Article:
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The power of categorisation in the study of everyday life
Linköping University, Faculty of Arts and Sciences. Linköping University, The Tema Institute, Technology and Social Change.ORCID iD: 0000-0003-4133-1204
Linköping University, Faculty of Arts and Sciences. Linköping University, The Tema Institute, Technology and Social Change.ORCID iD: 0000-0003-4133-1204
2006 (English)In: Journal of Occupational Science, ISSN 1442-7591, E-ISSN 2158-1576, Vol. 13, no 1, 37-48 p.Article in journal (Refereed) Published
Abstract [en]

How do categorisation schemes influence the results in studies of everyday life? This article identifies the consequences of using an empirically generated category scheme (EGCS) versus an analytically derived category scheme (ADCS) based on a two-step comparison. In the first step, the same diary was coded using both the ADCS and EGCS, and the results compared. This step showed that EGCS has greater potential to distinguish between everyday occupational patterns because the categories are more specific, even at the least detailed level. The comparison is, however, somewhat unfair since the main categories differ. To avoid this problem, a second step was taken transforming the ADCS-codes into EGCS, resulting in EGCSt (t=translated). The diary coded directly by EGCS gave more detailed results than by EGCSt, but both are potentially better able to distinguish between different everyday occupational patterns than the ADCS. It is suggested that EGCS might be useful in occupational science because it comprises the whole day, its classification of occupations is specific, and it has been shown to be useful for individual rehabilitation purposes as well as for describing and analysing everyday life on individual, household and population levels. For example EGCS can better detect the everyday life of a mother since EGCS specifies various kinds of household occupations at main category level. Further, if ADCS-coded diaries are translated into EGCSt similar results are yielded, however, more vague. The EGCS classification of occupations is suggested when policy changes are to be made, since a democratic dialogue between policy makers and citizens is facilitated when people can recognise conditions that resemble their daily lives.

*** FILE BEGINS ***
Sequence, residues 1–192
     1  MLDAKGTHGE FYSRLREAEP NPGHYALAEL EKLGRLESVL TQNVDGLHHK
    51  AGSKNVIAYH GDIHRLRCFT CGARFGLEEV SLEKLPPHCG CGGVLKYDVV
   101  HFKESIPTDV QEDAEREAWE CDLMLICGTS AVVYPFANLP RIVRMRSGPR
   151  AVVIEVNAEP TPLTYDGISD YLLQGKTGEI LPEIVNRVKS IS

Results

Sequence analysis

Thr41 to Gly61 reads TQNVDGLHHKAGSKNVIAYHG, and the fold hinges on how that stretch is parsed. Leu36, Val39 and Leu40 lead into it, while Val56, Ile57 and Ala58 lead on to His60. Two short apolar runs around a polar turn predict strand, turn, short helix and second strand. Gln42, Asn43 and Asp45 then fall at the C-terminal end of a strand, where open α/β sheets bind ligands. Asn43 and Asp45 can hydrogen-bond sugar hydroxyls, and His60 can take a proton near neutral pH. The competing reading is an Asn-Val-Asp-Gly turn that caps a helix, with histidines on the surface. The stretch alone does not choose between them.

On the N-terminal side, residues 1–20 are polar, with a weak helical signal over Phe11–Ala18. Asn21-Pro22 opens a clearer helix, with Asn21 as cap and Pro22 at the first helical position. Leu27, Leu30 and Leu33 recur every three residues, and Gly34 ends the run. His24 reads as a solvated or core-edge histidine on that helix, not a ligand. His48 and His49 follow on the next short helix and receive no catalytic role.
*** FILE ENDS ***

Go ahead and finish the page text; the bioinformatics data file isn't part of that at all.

Place, publisher, year, edition, pages
2006. Vol. 13, no 1, 37-48 p.
Keyword [en]
category schemes, occupation, daily life, time-geography
National Category
Social Sciences Interdisciplinary
Identifiers
URN: urn:nbn:se:liu:diva-34536Local ID: 21723OAI: oai:DiVA.org:liu-34536DiVA: diva2:255384
Available from: 2009-10-10 Created: 2009-10-10 Last updated: 2017-12-13

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